|Police used tear gas and protesters to disperse the crowds [AFP]|
Georgia's president has declared a state of emergency over the entire country for 15 days in the wake of opposition protests against his rule.
Mikhail Saakashvili also banned all news broadcasts except state-run television on Wednesday and expelled three Russian diplomats, accusing Moscow of fomenting unrest.
The declaration comes after the prime minister said there had been an attempted coup.
Protestors have been calling for the president's resignation since mass demonstrations began last week.
|Saakashvili expelled three Russian diplomats,|
accusing Moscow of fomenting unrest [AFP]
It is the government's worst crisis since the 2003 "Rose Revolution" that swept Saakashvili to power.
In a televised address to the nation, Saakashvili accused Russia's special services of fomenting civil unrest in his country.
"Georgia is facing a very serious threat of unrest... High-ranking officials in Russian special services are behind this," he said.
Saakashvili, whose pro-Western leadership had prompted the US to hail Georgia as a "beacon of democracy", said he had evidence for his claim against Russia, but did not elaborate.
"Georgia's foreign ministry today declared several Russian embassy employees persona non grata," he said, adding that they were accused of "espionage activity".
Georgia also recalled its ambassador to Russia "for consultations", its foreign ministry said.
Shortly after Saakashvili's statement, the main opposition television station Imedi, which had broadcast coverage of the protests, said it had been stormed by Georgian special forces, then went off the air.
In the clashes on Wednesday, tear gas enveloped parliament after riot police advanced towards the crowd, pushing people back with shields and beating some with truncheons.
|The protesters accuse Saakashvili of economic |
mismanagement and corruption [AFP]
Scattered fist fights broke out between police and protesters.
Demonstrators retreated down Tbilisi's main avenue but several thousand opposition supporters rallied later in another section of Tbilisi, only to have the protest broken up again by riot police using water cannon and firing rubber bullets.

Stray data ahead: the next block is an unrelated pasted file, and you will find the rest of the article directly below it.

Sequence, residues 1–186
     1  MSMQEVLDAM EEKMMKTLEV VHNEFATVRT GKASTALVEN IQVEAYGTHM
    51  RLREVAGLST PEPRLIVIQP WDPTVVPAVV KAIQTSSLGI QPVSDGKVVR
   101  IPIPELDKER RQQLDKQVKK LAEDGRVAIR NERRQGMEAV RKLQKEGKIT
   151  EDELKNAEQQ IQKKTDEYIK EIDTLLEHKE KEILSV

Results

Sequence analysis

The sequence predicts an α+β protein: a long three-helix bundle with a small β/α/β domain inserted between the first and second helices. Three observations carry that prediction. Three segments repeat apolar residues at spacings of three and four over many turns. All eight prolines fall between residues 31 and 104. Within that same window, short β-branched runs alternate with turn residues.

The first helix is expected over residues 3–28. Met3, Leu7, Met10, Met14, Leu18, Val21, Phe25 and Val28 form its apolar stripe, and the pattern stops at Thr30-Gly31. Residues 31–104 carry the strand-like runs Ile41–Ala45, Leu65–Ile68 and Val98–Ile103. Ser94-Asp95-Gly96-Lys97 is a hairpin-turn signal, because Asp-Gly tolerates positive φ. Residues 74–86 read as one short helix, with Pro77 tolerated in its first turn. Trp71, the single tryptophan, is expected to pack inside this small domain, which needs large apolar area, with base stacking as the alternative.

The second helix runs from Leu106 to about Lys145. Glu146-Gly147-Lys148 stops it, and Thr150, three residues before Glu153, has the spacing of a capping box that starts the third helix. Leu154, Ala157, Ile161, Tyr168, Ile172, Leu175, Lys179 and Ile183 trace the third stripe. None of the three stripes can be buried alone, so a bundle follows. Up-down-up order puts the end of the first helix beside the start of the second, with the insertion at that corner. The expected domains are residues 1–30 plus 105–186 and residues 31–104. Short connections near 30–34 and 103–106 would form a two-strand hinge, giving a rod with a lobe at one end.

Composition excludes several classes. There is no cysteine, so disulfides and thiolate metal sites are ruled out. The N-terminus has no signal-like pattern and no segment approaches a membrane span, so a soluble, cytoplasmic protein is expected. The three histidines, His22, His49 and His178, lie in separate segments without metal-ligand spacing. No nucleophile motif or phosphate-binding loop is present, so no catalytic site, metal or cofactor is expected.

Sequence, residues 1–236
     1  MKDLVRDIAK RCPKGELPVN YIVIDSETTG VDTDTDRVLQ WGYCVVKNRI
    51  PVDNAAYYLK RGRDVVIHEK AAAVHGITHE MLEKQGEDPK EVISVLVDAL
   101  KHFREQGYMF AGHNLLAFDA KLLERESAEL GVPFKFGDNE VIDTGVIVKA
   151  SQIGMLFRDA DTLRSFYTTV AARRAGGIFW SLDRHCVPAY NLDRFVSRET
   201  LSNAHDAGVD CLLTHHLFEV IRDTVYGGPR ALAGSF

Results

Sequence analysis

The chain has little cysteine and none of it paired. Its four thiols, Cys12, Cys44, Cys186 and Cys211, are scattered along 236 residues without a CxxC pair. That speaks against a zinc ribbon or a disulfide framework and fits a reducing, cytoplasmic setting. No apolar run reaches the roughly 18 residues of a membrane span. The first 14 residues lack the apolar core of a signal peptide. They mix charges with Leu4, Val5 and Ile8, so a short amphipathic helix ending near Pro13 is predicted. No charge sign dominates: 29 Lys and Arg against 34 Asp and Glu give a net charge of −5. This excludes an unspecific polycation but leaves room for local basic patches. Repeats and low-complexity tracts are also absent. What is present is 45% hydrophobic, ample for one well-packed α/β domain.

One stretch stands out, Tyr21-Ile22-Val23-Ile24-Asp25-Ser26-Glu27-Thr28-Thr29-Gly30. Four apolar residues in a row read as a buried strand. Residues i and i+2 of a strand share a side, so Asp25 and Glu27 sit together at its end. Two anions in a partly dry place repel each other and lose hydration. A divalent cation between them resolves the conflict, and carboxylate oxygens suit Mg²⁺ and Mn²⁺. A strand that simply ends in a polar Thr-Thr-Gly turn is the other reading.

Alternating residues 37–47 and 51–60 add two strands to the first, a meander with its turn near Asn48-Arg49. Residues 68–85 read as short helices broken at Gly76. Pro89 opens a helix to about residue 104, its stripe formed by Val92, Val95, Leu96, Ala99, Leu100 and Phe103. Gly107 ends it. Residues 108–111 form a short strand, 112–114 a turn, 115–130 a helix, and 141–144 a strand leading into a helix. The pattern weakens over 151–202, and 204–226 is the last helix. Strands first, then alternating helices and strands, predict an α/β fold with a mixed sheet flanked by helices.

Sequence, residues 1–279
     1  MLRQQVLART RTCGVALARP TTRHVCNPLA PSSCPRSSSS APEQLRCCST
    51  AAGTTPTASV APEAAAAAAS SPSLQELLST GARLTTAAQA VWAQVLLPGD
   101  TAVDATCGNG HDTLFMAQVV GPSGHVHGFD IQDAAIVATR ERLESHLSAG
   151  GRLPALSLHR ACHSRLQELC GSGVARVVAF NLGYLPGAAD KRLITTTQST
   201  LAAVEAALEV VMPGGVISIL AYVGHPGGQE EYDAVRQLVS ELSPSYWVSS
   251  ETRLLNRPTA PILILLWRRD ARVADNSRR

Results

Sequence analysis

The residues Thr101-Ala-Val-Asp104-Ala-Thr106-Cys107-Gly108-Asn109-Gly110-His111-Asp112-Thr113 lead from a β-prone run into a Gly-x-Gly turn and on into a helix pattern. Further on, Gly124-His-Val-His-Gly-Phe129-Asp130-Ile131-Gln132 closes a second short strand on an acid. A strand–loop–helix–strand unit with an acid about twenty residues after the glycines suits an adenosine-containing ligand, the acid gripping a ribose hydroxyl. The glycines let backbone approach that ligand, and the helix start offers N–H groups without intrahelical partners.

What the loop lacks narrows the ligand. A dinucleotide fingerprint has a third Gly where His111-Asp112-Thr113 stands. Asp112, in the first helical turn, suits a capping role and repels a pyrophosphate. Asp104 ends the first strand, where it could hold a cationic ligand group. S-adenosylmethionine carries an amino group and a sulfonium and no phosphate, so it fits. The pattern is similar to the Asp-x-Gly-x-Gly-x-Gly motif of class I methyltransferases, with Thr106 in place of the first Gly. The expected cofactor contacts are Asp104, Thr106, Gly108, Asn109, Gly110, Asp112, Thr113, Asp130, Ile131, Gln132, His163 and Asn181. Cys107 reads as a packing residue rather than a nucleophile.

Protesters pelted police with rocks from a bridge.
Levan Gachechevadze, an opposition leader, said police did not use truncheons during the initial sweep but had kicked him.
"They beat me, and Saakashvili will be beaten, too," he told the privately owned Imedi television after he returned to the protest.
The number of protesters increased rapidly to about 5,000 people and units of black-clad riot police were deployed after the conventional police force was overwhelmed.
|fist fights broke out between |
police and protesters [AFP]
The protests, in their sixth day, mark the biggest challenge to Saakashvili since his landslide election four years ago.
The protesters initially called for changes in the dates of planned elections and in the electoral system, but later made Saakashvili's resignation their central demand.
They accused Saakashvili of economic mismanagement and corruption - accusations he rejects.
Gigi Ugulava, Tbilisi's mayor, defended the action by police, saying: "I was listening to one of the opposition leaders who was saying proudly they planned to pitch tents and set up a tent town in Tbilisi.
"What we did is stop this because it is the will of the people not to have a tent town in Tbilisi."